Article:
Login

Journal Image
Current Pharmaceutical Design
ISSN (Print): 1381-6128
ISSN (Online): 1873-4286
VOLUME: 20
ISSUE: 14
DOI: 10.2174/13816128113196660664      Price:  $58









Molecular Imaging of Apoptosis for Early Prediction of Therapy Efficiency

img
Author(s): Marijke De Saint-Hubert, Matthias Bauwens and Felix M. Mottaghy
Pages 2319-2328 (10)
Abstract:
Evasion of apoptosis is one of the hallmarks of cancer and any effective therapy primarily attempts to induce apoptosis. The evaluation of the degree of success of cancer therapy is currently mainly based on clinical and laboratory parameters and in a later stage on tumor shrinkage. However, none of these parameters provide an objective and early analysis of a therapeutic effect. Molecular imaging may provide a tool for this purpose by using not only pathophysiological but also biochemical effects of the therapy. First in the field, FDG-PET has been explored and demonstrated to offer insight in the amount of viable cells, even though false positives are commonly due to the lack of specificity of this particular radiopharmaceutical. More specific markers target the dying cells instead of those remaining alive. Specific apoptosis markers have been developed of which the radiolabeled Annexin A5 is the most intensely studied probe. Site-specific labeling strategies have improved this imaging probe with good results both in pre-clinical studies and in clinical trials, with promises for clinical applications. Caspase sensitive probes, such as the isatines, can also effectively image apoptosis but are limited due to the high background activities. More recent discoveries of small apoptosis sensitive probes, such as 18F-ML10, are currently being explored. In this review, the most important apoptosis sensitive probes are described from both a pre-clinical and a clinical perspective, highlighting their potential but also their limitations as an early marker for therapeutic success. It seems that apoptosis imaging can help to guide therapy, not by replacing the current methodology but by providing additional and useful information.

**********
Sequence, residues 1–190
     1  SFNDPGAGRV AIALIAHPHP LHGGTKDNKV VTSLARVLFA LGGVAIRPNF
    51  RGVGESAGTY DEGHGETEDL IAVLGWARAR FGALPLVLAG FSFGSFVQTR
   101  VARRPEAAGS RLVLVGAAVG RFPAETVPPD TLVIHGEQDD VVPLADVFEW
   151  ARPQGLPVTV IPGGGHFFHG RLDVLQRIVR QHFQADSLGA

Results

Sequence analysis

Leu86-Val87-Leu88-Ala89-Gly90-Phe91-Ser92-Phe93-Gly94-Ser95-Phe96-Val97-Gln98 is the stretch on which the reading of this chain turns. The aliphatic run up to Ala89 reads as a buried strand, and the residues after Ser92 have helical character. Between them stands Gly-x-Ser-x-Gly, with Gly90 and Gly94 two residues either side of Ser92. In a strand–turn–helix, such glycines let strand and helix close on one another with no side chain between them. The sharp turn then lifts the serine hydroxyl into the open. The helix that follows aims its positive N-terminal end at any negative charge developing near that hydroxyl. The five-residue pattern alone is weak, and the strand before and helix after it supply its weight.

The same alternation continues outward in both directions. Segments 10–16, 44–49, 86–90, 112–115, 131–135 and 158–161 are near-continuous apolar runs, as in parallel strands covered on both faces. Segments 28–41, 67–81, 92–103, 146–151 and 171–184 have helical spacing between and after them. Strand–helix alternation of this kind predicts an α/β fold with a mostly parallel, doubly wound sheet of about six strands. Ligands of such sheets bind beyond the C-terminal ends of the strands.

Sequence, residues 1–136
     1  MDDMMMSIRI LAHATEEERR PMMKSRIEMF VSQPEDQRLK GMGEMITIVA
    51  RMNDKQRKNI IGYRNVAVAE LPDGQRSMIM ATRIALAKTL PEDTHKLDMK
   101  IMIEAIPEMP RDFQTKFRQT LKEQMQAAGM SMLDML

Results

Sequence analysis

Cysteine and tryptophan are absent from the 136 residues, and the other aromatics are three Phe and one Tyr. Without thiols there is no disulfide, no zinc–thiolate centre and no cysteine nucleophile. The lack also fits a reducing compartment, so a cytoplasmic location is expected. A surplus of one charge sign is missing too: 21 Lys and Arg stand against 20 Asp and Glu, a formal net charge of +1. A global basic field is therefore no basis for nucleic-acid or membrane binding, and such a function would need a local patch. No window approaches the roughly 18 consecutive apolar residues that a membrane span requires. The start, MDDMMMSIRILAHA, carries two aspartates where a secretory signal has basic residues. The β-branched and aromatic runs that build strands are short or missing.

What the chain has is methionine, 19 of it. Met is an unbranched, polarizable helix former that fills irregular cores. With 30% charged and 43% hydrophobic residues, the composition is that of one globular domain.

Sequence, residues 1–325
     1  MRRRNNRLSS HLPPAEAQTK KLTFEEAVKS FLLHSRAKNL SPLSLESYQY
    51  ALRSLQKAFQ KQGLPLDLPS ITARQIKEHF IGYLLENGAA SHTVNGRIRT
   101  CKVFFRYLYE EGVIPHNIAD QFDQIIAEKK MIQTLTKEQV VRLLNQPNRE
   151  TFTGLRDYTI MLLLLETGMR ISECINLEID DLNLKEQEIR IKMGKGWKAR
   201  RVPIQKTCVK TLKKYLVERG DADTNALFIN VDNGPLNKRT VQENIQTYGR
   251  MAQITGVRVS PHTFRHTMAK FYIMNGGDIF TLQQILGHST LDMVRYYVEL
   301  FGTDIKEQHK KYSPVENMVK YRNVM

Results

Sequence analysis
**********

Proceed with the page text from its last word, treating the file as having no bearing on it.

Keywords:
Molecular imaging, apoptosis, early cancer therapy evaluation.
Affiliation:
Nuclear Medicine, MUMC+, Maastricht, The Netherlands ; P.O. Box 5800, 6202 AZ Maastricht.